A visual novel is an ever-daunting task to partake. Something that, for the most part, would take unsurmountable hours, a huge wall of text and dozens of caffeine-infested beverages before its story can be set to a close. So when Aquaplus announced it was taking the series in a brand new light, it got me really excited. But while I can’t deny the fact that the women with animal ears got my attention, I also have to emphasize that it was also the tail that really got me looking. So before I sound like a total and complete donkey getting teased with a carrot, we might as well get this cart rolling. Hee-haw!!!
Utawarerumono: ZAN is essentially Utawarerumono: Mask of Deception, the tactical role-playing visual novel turned action-brawler. It tells the reimagined story of Haku, a man without his memories that was found by a traveler named Kuon, and the great conflict that would unfold in their lives as they meet new friends, discover hidden secrets and forge everlasting bonds. Although despite its great story and amazing cast of characters, there’s very little exposition and most are done in brief chapters that leaves little to love about its world and often its environment. Most of my time would be on starting a new chapter only for it to end minutes later without any fighting involved. Yet for me, its greatest flaw has to be its dull and lifeless animations towards the visual novel-esque scenes with the 3D models of the characters front and center. It’s disappointing to see that replaying the anime adaptation offers far better content over the game itself.
But as an action-brawler, similar to the likes of Senran Kagura or Valkyrie Drive, it delivers the fun in spades. Providing the players a touch of fluid combat, seamless character swap transitions and an ever expansive horde of enemies to beat’em up to a pulp. The characters of twelve heroes, while they may not have the largest of cast, offers a diverse lineup of varying playstyles to make each of them an essential part of its roster. Having Nosuri with her quick reflexes and martial arts style paired with a bow definitely offers some great moments while the fan-loving Haku delivers a unique breathe of fresh air (no pun intended). Unit composition also provides a certain level of strategy which is ideally balancing your attackers from your tank and healers to make the battle encounters a pleasant one for the most part. It’s an enjoyable experience that is only accompanied with its rewarding and ever-important character optimization options that would ultimately provide new chain attacks and equipment slots to provide abilities or stat boosts as you deploy the characters in battle and gain experience.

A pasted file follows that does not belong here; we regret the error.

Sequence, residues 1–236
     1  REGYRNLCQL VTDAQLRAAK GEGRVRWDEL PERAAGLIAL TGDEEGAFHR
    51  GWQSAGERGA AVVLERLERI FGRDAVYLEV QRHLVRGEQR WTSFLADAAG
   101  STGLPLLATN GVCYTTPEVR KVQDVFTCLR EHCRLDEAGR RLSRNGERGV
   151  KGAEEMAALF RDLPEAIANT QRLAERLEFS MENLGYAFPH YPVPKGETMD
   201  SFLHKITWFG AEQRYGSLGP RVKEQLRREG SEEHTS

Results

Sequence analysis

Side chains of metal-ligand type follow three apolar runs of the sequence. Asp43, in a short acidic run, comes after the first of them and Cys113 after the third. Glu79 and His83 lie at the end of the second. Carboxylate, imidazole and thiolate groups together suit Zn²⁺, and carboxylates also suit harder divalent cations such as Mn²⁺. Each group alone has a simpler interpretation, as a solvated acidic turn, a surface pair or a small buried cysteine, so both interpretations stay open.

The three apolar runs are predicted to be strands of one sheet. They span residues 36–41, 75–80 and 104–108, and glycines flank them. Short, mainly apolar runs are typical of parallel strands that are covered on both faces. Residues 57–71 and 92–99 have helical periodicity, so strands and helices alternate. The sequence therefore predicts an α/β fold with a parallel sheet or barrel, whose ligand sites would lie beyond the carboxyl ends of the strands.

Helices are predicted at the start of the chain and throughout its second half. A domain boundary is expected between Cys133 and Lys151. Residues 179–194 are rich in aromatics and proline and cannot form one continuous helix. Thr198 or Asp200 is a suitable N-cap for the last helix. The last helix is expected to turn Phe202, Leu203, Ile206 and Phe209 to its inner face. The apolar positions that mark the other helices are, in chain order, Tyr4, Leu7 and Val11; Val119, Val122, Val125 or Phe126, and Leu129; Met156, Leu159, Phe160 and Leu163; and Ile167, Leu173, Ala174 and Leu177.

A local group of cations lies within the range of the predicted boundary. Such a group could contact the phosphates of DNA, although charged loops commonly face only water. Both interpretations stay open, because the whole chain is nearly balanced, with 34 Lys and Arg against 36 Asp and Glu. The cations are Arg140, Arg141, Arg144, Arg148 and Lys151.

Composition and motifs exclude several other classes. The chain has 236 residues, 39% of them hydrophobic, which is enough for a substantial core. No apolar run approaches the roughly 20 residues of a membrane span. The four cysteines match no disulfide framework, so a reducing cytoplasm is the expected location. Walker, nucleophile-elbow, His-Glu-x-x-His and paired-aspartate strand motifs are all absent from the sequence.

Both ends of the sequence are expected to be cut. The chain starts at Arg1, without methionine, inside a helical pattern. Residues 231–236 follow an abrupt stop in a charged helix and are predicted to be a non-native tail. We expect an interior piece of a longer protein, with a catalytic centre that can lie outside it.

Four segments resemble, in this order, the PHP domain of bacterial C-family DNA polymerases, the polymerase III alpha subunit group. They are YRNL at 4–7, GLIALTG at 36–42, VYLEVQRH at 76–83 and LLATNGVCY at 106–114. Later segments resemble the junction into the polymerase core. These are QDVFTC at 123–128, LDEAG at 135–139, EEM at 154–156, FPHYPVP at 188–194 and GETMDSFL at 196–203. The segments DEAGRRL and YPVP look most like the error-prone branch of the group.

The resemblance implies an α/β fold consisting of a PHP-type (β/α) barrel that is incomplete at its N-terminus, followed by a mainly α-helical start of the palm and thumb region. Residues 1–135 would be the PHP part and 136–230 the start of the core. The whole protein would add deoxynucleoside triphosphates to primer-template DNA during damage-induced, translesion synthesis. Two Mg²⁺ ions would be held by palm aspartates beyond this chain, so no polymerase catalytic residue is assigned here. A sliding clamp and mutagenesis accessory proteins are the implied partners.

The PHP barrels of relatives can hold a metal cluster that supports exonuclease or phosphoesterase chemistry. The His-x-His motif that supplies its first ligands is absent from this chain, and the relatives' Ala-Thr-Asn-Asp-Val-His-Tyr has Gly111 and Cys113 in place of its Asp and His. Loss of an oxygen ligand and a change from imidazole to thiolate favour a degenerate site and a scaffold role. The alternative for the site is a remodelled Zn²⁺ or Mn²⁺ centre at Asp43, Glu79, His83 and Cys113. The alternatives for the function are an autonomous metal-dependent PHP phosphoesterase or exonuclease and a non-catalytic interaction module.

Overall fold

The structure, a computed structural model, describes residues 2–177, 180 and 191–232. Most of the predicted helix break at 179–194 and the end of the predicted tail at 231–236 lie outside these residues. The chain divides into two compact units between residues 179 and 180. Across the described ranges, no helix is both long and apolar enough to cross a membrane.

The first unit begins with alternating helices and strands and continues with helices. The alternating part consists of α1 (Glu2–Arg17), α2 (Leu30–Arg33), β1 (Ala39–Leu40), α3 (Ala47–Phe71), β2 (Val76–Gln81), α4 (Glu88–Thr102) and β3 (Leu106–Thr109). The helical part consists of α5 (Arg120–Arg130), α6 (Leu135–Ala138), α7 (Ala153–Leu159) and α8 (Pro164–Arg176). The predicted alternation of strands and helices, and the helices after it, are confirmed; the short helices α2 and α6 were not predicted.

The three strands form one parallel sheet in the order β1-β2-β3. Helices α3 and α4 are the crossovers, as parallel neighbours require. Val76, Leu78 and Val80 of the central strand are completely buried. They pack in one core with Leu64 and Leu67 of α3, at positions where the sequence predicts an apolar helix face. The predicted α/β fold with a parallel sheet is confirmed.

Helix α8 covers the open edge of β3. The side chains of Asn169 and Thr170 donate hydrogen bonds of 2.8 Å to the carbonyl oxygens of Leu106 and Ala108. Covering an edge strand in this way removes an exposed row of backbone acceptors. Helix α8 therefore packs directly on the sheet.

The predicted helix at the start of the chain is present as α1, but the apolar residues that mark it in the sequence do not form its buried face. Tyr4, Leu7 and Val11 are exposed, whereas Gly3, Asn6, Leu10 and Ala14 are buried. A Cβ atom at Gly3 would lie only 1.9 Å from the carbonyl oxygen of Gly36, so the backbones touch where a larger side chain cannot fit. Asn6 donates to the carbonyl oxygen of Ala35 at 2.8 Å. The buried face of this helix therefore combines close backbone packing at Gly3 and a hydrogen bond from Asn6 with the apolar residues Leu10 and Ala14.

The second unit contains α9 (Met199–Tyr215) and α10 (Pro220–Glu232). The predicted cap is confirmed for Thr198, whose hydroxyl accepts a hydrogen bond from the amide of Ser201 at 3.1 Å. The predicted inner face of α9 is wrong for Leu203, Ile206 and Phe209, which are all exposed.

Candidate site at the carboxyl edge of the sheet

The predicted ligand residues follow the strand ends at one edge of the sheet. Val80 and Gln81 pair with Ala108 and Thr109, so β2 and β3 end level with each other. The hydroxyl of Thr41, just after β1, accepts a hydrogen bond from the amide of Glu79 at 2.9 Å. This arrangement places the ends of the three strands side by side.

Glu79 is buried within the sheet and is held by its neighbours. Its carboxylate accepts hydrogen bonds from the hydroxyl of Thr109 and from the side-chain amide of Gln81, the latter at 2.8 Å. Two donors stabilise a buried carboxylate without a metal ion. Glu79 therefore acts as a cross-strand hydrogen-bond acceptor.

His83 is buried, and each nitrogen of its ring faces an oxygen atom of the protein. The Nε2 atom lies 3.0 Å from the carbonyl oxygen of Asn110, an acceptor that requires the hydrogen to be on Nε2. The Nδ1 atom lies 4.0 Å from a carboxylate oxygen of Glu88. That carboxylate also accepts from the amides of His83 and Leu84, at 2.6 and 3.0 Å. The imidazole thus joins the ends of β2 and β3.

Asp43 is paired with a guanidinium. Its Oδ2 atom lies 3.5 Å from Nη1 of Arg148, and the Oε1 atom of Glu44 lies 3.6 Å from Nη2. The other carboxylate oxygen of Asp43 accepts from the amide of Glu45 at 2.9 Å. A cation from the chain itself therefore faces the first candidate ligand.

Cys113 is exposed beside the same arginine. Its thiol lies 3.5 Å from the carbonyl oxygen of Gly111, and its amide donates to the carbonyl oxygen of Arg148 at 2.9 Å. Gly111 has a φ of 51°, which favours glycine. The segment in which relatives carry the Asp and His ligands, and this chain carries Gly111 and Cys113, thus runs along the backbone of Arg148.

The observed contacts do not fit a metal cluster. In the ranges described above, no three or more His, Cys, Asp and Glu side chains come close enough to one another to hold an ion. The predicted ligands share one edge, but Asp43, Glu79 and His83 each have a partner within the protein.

There’s also quite the variety of mission types to make each mission unique while not being too far off the game’s style. From stuffs like collecting specific items, beating a certain amount or specific enemies, surviving the fight for a stipulated amount of time and many more that can be seen within and outside the story mode. The free missions which is technically the game’s side missions reward a character’s unique chain attack along with a few BGM aside from the obvious experience and in-game currency. And speaking of currency, they are called Sen which is an essential part of the game to make characters stronger through equipment upgrades. These upgrades follow the traditional gachapon mechanics in which spending Sen lets you obtain items in a pool of 10 per quality rank but with duplicates increasing the level of the item until everything has been drawn and maxed which can vary from 55 to 60 pulls. Which is still better than pulling out gachapons containing panties in Senran Kagura.
Visually, the game offers gorgeous and crisp graphics to its character models that is only hindered by its dull and lifeless animations throughout the story. Its environment and areas offer plenty of room to move around in but doesn’t come as vast or as flourish for a next-gen console. But for an overall presentation, it’s something that is fairly decent paired with good voice acting and the upbeat soundtrack.
Utawarerumono: ZAN is ideally a step in the right direction despite stepping in a few cracks of the road that made it tumble. With such a niche series, it is however far from what a newcomer should be picking up as their entry point as it fails to educate what the game is about and only has its focus on the actual combat.
This is a game that is only best suited for the fans of the series as well as fans of action-brawlers or hack n’ slash games that just needed a breath of fresh air while they wait for their next big title jump yet for its full asking price on par with a AAA game, it’s something that is even hard to recommend not to mention DLC characters requires additional expenses which are characters that are already seen multiple times in the game’s story.
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